From the beginning, tournaments at Wimbledon have been staged by the All England Lawn Tennis and Croquet Club. It was founded in 1868 and introduced the first Wimbledon tennis tournament a decade later in 1877. The All England Club is not just the home for Wimbledon; it has also evolved into a shrine of tennis history and tradition.
These 10 notable facts offer some added insight into the place that brought forth the world's oldest and most famous grand slam tennis tournament:
1. Croquet Only Club
When the All England Club was originally founded, its featured sport was croquet. Lawn tennis was not introduced until 1875. Once introduced, however, tennis proved much more popular than croquet. By 1882, croquet was dropped from the club name since almost all club activity centered on tennis. It was restored in 1899 and croquet has been included in the official club name since that time.
2. A Duke to Lead
The Duke of Kent is the president of the All England Club. In his capacity as president of the club, he presents trophies to all of the champions at Wimbledon each year. The King or Queen of England functions as the club's patron.
3. On the Move
The All England Club did not move to its current location on Church Road until 1922. It was initially founded in a location off of Worple Road.
4. Small Membership
Club membership is restricted to 375 full members and 100 temporary members who are awarded yearly membership from one year to the next. Temporary members are drawn from the ranks of currently active players who have the ability to use the club and participate in club matches. There is also a token amount of honorary members who are past Wimbledon champions.
5. Ticket Holders
Members of the All England Club are given the right to purchase Wimbledon tickets each year. They can purchase tickets for each day that the tournament is held. Membership numbers remain limited for this reason, so the club can sell a greater number of tickets to the general public.
6. Playing at the Club
All grass courts at the club can be used by club members from May to September with the exception of the Centre Court and Court No.1. These two courts are reserved for use in Wimbledon matches only.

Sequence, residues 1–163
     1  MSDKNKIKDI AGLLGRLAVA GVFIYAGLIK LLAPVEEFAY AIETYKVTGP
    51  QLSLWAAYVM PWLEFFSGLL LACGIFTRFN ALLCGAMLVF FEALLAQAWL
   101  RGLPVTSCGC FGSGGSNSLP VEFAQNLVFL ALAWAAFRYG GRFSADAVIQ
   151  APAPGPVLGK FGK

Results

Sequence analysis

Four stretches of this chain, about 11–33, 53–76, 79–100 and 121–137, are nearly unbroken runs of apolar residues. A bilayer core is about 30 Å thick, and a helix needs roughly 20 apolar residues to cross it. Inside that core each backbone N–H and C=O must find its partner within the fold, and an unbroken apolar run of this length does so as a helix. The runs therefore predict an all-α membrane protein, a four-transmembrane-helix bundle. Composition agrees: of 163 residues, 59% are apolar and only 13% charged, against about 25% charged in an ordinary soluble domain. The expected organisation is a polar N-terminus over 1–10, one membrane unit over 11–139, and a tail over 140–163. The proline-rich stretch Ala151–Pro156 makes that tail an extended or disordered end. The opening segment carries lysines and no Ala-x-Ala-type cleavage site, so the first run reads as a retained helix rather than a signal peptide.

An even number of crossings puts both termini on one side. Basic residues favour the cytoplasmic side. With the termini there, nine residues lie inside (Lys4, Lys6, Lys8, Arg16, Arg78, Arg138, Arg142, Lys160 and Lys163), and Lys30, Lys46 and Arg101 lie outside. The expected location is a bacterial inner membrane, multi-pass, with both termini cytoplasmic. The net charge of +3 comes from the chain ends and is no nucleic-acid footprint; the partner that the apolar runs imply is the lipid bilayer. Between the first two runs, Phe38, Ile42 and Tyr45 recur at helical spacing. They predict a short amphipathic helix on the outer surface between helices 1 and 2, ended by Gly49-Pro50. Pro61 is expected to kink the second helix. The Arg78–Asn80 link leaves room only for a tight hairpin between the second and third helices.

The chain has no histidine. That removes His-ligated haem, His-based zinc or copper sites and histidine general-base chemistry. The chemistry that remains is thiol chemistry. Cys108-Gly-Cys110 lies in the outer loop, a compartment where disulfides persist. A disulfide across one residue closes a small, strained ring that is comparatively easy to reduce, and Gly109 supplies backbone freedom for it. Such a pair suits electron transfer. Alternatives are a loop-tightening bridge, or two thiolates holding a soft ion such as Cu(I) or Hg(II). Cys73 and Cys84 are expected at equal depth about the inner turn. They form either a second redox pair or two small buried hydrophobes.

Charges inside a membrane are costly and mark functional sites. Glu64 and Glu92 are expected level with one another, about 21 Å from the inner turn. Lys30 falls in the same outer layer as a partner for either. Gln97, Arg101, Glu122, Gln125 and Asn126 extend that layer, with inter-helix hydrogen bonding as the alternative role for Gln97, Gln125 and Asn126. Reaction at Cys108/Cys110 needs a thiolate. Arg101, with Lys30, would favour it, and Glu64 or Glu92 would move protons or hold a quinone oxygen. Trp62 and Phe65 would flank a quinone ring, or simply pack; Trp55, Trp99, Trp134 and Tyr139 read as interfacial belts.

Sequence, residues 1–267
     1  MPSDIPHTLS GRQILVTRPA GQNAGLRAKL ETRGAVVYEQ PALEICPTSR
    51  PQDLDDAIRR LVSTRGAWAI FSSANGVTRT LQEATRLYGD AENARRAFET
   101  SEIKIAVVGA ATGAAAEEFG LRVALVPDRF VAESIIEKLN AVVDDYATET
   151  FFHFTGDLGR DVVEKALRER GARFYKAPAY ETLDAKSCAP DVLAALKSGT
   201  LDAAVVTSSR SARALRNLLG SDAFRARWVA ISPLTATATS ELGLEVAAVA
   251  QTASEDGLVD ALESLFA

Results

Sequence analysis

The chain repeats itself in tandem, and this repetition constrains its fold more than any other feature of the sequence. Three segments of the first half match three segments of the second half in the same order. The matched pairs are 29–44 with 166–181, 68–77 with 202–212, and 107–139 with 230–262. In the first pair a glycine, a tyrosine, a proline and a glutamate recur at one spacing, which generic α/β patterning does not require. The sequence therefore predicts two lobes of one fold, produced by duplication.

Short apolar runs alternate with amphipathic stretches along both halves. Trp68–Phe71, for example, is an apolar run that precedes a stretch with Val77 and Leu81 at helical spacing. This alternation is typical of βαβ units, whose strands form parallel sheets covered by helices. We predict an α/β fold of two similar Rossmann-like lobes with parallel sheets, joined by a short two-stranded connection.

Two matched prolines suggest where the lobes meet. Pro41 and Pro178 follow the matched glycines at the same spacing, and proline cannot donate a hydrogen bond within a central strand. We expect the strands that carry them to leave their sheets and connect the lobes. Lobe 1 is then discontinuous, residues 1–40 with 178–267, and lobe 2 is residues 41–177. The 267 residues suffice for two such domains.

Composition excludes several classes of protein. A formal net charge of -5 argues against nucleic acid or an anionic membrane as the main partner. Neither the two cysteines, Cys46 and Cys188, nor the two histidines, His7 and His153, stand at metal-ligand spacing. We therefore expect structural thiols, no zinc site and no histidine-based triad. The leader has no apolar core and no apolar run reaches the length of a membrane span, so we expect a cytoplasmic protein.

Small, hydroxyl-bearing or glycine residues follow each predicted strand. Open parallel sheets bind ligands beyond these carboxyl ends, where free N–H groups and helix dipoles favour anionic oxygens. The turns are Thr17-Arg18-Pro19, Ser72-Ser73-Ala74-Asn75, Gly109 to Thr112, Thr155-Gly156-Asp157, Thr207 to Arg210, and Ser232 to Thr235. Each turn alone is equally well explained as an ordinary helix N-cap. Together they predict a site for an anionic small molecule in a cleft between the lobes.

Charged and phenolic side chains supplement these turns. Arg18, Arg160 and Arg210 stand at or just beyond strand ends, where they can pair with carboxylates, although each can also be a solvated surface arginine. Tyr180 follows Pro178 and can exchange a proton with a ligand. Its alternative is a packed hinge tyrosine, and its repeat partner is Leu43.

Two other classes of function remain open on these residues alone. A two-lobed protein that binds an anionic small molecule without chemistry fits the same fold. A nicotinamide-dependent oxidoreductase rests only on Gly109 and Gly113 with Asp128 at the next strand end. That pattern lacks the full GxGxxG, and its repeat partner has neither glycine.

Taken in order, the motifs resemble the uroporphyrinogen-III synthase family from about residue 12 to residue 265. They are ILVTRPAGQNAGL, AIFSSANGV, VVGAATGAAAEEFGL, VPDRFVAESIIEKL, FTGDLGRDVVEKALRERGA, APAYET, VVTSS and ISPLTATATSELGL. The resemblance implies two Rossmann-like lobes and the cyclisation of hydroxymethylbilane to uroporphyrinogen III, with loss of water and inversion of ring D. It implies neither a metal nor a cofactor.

7. Not Just Grass
Tennis courts at the All England Club are not just limited to the grass variety. A total of 19 grass courts are part of the 42 acre grounds. There are also five red shale courts, four clay courts and five indoor courts. Another 22 grass courts located at Aorangi Park are used for practice before and during Wimbledon.
8. Wimbledon Lawn Tennis Museum
Inside the club grounds is the Wimbledon Lawn Tennis Museum. It is the largest tennis museum in the world with exhibits and artifacts covering more than a century. The museum is open to the public and offers guided tours. Visitors can see memorabilia from many famous tennis players, dating from the 19th century to present times.
9. Seeding Time
Each September, the grass courts at the All England Club are reseeded in preparation for the following year's Wimbledon and any other tournaments the club might host. It takes one ton of grass seed annually to fill in bare patches left from that year's tennis matches.
10. No Profiting Allowed
Although the All England Club organizes and manages Wimbledon each year, it does not officially make any money from the event. All profits from the tournament, excluding taxes, are given to the Lawn Tennis Association to promote and develop tennis in Britain.
John Coon has covered tennis at all levels as a sports reporter based in Salt Lake City. Coon was raised in a tennis loving family. All three of his sisters played competitively and Coon himself enjoys playing at a recreational level.